TV columnist Claire DuMont SC ’23 reckons with her inability to watch series finales, and whether or not the fear even matters in the age of streaming and binge-watching.
TV columnist Claire DuMont SC ’23 takes a look back at the best TV couples of all time, from the heartwarming “Parks and Recreation” duo of Ben and Leslie to the toxic “Succession” pairing of Tom and Shiv.
Claire Dumont SC ’23 discusses “Sex Education” and its powerful storyline concerning sexual assault and healing, and how it embodies the show’s incredible capacity to connect people.
TV columnist Claire DuMont SC ’23 reviews spin-off “High School Musical: The Musical: The Series” and its portrayal of high school theater. “‘High School Musical: The Musical: The Series’ also thrives in its ability to find the balance between making fun of high schoolers and taking itself seriously,” she writes.
TV columnist Gabriella Del Greco SC ’21 examines the critique of celebrity culture in “Billy on the Street” and “Under a Rock with Tig Notaro.” “Both “Billy on the Street” and “Under a Rock” reckon with the cult of celebrity. Watching famous actors … go unrecognized is a balm to the soul,” she writes.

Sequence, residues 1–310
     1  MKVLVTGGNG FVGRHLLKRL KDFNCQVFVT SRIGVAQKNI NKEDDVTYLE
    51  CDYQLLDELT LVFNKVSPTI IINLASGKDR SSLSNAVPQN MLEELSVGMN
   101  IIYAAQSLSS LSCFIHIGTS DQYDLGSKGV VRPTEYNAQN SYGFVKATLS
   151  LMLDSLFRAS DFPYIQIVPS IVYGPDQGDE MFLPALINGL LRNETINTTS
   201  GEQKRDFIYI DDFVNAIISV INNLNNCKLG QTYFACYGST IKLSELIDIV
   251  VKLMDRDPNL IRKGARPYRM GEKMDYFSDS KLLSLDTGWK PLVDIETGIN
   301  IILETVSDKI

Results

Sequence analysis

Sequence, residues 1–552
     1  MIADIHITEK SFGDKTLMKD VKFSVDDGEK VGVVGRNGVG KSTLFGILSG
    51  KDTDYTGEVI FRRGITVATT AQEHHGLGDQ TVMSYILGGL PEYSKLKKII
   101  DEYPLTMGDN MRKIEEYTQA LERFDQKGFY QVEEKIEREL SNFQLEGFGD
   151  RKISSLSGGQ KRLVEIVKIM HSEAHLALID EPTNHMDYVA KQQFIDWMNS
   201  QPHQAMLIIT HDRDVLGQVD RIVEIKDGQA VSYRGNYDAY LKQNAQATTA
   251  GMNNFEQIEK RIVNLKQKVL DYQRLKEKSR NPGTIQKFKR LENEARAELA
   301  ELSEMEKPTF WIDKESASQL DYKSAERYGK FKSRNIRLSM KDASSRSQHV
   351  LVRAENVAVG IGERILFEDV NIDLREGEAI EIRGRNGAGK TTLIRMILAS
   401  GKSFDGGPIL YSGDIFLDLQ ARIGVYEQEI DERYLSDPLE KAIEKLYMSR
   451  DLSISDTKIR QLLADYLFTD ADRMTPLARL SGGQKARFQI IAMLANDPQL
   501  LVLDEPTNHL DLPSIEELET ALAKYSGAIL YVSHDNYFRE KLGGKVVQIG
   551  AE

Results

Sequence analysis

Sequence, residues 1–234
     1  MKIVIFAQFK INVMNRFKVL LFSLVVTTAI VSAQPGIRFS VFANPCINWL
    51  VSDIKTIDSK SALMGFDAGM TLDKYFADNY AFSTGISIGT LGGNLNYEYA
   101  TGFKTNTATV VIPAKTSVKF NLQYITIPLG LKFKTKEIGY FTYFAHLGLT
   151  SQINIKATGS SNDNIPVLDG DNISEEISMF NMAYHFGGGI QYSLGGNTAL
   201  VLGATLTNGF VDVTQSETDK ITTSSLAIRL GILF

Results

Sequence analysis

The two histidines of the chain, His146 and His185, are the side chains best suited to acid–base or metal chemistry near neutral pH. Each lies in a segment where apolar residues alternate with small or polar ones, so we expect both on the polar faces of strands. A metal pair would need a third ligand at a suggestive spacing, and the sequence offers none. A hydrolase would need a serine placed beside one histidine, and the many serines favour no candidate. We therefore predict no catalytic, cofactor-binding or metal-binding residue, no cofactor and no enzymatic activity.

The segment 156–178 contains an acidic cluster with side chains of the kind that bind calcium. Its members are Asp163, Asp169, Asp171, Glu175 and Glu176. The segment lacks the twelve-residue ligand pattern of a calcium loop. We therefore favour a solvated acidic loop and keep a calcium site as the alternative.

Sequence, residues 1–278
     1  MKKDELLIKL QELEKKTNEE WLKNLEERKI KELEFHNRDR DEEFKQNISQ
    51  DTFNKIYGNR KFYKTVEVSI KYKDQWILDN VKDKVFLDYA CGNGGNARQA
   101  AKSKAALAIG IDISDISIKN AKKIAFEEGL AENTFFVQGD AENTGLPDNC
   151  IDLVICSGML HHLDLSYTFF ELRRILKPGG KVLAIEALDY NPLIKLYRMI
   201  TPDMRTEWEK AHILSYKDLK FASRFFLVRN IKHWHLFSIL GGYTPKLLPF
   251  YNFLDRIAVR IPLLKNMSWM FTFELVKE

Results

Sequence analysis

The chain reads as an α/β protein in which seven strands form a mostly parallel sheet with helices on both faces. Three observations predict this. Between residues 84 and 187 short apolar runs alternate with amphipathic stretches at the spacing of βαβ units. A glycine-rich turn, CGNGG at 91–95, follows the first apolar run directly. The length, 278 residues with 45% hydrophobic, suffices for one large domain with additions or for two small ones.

Should Netflix integrate a feature where users can change the speed of their content? In this week’s TV column, Claire DuMont SC ’23 discusses the controversy.
TV columnist Gabriella Del Greco SC ’21 dives into the premiere of the “Watchmen” reboot and its supposed “wokeness.” “The first two episodes cast doubt on whether “Watchmen” truly has social justice in mind,” she writes.
In this week’s TV column, Claire DuMont SC ’23 contemplates the effortless charm and humor that assassins Barry (“Barry”) and Villanelle (“Killing Eve”) exude.
To explore Netflix’s algorithm and the extent of its influence, Gabriella Del Greco SC ’21 does a deep dive on her own Netflix account compared to the account of her perfect opposite: a middle-aged man.
In this week’s TV column, Claire DuMont SC ’23 reviews “The Politician” and its perplexing portrait of the American political system. She writes, “I was surprised to watch the trailer and discover that the show was actually about teenagers, not adult politicians … in a time so fraught with political disillusionment, politics can be like high school drama.”